The number of former players who are backing a potential legal action against the RFL for the delayed effects of head injuries they suffered as players has now risen to 75, according to Richard Boardman, the lawyer who is representing the ten players who have already instructed him to seek redress from the RFL for the brain damage they believe they suffered while playing Rugby League.
“We have just started the pre-action phase of the group action,” Boardman, a partner in London legal firm Rylands, told League Express.
“In any dispute the court encourages both parties to reach an early and amicable resolution before proceedings are issued and the pathway to trial is put on track.
“We have commenced the pre-action and we are awaiting the RFL’s response.
“We are waiting for them to provide some documents before it starts to escalate.
“The ten test cases are part of a wider cohort of 75 cases and we believe that figure will have risen to a low three figures in the next few months.”
And Boardman is confident that the RFL has a strong case to answer.
“We are very confident in our case, going on everything our experts have seen to date, we will be proceeding with the litigation. We are resolute that we are pushing ahead.
“This problem is impossible to ignore.
“Testing is ongoing for some of these players, but a good number of them have been diagnosed with dementia. Even at the age of 40 onwards we are finding some former players with early-onset dementia and the point to emphasise is that some young me in their 20s can end up with considerable brain problems from the injuries they have suffered playing the game.”
And Boardman is confident that he has the scientific proof to back up his claims.
“A study in August James Drake Foundation found that 23% of players playing elite rugby had signs of brain damage, with shrinkages in brain volume.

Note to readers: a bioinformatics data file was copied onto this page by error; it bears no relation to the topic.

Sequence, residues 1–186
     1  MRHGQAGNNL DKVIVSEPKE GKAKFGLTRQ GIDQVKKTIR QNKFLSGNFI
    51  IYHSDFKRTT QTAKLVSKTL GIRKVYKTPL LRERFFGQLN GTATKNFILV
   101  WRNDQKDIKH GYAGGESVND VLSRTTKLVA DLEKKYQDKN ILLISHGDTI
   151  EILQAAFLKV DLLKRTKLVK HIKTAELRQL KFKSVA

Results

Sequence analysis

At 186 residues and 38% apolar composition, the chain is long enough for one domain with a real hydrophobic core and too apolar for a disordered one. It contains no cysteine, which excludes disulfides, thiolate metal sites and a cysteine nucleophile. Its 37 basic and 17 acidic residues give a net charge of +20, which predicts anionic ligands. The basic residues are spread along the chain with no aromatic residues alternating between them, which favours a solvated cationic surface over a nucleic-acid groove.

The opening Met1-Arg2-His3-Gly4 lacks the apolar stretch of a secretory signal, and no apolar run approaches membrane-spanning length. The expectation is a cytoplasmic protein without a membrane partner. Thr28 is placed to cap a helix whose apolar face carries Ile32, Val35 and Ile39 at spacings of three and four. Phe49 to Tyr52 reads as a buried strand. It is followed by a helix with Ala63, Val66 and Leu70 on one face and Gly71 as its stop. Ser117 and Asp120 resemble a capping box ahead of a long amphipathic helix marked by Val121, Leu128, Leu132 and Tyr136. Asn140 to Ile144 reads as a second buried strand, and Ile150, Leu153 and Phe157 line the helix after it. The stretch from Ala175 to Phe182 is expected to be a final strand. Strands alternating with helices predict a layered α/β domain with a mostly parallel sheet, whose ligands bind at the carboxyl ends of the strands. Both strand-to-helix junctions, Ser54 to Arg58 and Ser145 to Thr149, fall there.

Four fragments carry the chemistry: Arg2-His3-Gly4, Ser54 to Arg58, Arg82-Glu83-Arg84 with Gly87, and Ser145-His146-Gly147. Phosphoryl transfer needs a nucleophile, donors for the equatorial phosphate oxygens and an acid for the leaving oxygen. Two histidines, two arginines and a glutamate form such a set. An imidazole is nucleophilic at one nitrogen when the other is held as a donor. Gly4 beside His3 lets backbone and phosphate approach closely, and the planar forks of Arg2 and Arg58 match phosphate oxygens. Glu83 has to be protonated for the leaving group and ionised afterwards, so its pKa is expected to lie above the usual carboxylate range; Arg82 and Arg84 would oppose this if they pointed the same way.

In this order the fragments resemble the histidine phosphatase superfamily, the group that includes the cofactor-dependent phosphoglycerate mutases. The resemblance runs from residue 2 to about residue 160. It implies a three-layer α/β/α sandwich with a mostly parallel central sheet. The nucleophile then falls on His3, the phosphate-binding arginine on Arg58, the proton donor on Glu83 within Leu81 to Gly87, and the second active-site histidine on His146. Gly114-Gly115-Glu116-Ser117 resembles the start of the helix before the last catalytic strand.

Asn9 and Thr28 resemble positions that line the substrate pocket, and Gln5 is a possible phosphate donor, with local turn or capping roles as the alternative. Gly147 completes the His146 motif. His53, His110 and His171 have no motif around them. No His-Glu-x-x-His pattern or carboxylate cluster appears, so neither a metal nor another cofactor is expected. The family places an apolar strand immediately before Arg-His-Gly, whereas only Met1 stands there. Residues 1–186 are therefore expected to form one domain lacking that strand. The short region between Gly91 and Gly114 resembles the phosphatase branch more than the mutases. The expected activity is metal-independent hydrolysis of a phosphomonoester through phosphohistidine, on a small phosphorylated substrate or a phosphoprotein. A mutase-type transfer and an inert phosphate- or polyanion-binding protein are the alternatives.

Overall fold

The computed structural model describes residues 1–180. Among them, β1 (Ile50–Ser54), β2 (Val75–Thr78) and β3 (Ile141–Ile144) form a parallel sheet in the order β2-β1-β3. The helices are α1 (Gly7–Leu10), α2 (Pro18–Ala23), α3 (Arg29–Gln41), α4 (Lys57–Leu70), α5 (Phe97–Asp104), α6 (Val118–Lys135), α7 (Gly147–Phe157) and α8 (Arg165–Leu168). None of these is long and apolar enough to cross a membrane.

“This isn’t just about a few lads playing Rugby League, it’s an epidemic in both rugby codes. It covers all contact.
“It’s true to say that the elite game is not safe at the moment.
“It implies that there have to be changes in the rules and the training protocols to reduce direct contact.
“Everyone involved cares a lot for these sports but we have to be much smarter in protecting their participants.
“It’s often not the big concussions that cause the damage, it’s the sub-concussions, the milder hits to the head.
“When players are hit in the head thousands of times, it’s that that causes CTE and dementia.
“In football, Jeff Astle never had a concussion, but he died with dementia because of the number of times he headed the ball while he was a professional player.
“If you could see the symptoms some of these guys have, you wouldn’t wish it on anyone. None of them signed up for this and they deserve justice.”
Meanwhile the RFL is likely to extend the stand down period next season for players with concussion from seven days to ten days, which would force players suffering concussion to miss their club’s next game.
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